Users of Sling Media's "placeshifting" system, Slingbox, will soon be able to watch their home TVs on Palm smart phones running Palm OS, consumer laptops from Hewlett-Packard or any PC running Microsoft's Windows Vista operating system.
Sling Media released a new version of its SlingPlayer software for Palm's Treo 700p smartphone at CES in Las Vegas on Monday, and announced a deal with PC maker HP to distribute the player software on HP notebook computers for consumers. Sling also announced plans for a Vista version of SlingPlayer, due for release in the second quarter.
The SlingPlayer software allows users to placeshift video sources in their home, so they can watch them anywhere there is a sufficiently fast Internet connection. SlingPlayer connects over the Internet to the user's Slingbox, plugged into their broadband Internet connection at home. The Slingbox transmits video from sources in the home, including cable, satellite or a video recorder.
The version for Vista will include a full-screen viewing mode with remote control information in a transparent overlay. It will also allow viewers to choose among feeds from multiple Slingboxes. The Palm OS version will allow users of the Palm Treo 700p to watch their home TV over wireless Internet connections.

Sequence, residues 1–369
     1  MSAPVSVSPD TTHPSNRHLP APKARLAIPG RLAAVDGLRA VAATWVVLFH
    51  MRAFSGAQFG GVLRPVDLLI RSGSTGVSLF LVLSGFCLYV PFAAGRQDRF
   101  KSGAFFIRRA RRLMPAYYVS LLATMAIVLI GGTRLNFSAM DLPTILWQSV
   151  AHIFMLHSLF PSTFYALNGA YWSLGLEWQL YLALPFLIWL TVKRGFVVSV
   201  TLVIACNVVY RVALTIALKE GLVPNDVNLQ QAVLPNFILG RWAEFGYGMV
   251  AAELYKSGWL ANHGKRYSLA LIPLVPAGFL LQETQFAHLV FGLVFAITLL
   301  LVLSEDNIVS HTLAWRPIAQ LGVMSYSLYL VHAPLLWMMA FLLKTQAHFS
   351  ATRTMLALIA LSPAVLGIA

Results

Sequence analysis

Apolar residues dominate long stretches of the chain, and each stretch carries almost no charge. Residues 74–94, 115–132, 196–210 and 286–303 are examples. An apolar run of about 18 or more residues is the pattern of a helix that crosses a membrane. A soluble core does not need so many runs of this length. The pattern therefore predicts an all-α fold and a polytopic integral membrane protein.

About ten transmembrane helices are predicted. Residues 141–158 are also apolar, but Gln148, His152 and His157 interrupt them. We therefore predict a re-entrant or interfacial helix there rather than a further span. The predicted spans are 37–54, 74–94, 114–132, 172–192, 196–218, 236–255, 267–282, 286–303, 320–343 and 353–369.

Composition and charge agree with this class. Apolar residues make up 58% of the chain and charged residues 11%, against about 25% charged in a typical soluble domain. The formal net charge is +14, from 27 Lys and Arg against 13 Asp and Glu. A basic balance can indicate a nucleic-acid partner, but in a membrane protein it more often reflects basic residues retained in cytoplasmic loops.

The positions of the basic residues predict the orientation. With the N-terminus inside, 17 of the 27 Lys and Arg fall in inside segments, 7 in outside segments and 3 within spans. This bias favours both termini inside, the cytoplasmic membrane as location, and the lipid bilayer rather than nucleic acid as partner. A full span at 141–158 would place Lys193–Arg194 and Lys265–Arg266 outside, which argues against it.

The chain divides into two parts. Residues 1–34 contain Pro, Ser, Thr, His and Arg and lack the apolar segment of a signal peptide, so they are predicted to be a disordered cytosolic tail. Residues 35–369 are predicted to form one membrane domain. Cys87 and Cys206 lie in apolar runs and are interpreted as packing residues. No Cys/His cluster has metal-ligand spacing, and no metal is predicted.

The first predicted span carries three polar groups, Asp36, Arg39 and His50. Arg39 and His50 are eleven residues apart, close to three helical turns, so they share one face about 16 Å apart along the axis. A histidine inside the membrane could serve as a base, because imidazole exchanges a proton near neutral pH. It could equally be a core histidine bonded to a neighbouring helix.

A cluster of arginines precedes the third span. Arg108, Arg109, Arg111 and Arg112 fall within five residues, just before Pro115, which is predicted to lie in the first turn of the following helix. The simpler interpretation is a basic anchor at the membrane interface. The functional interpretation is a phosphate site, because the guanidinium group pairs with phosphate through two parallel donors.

The versions of SlingPlayer for Palm OS and Vista will join existing players for computers running Microsoft's Windows XP and Windows 2000 or Apple Computer's Mac OS X, or smartphones and pocket PCs running Windows Mobile.
There's no version of SlingPlayer yet for smartphones running Symbian's Symbian OS. That system is more prevalent in Europe, where it is used by smartphones from Nokia and Sony Ericsson Mobile Communications. Sling Media had planned to release a version of SlingPlayer for Symbian by the end of last year, it said at a show in London in October.
Among all the versions of SlingPlayer for different operating systems, there's even a version for no operating system. Sling Media has struck a deal with HP to install SlingPlayer on all HP QuickPlay-enabled consumer notebooks in the U.S. HP QuickPlay allows notebooks to play multimedia content without booting up the Windows operating system.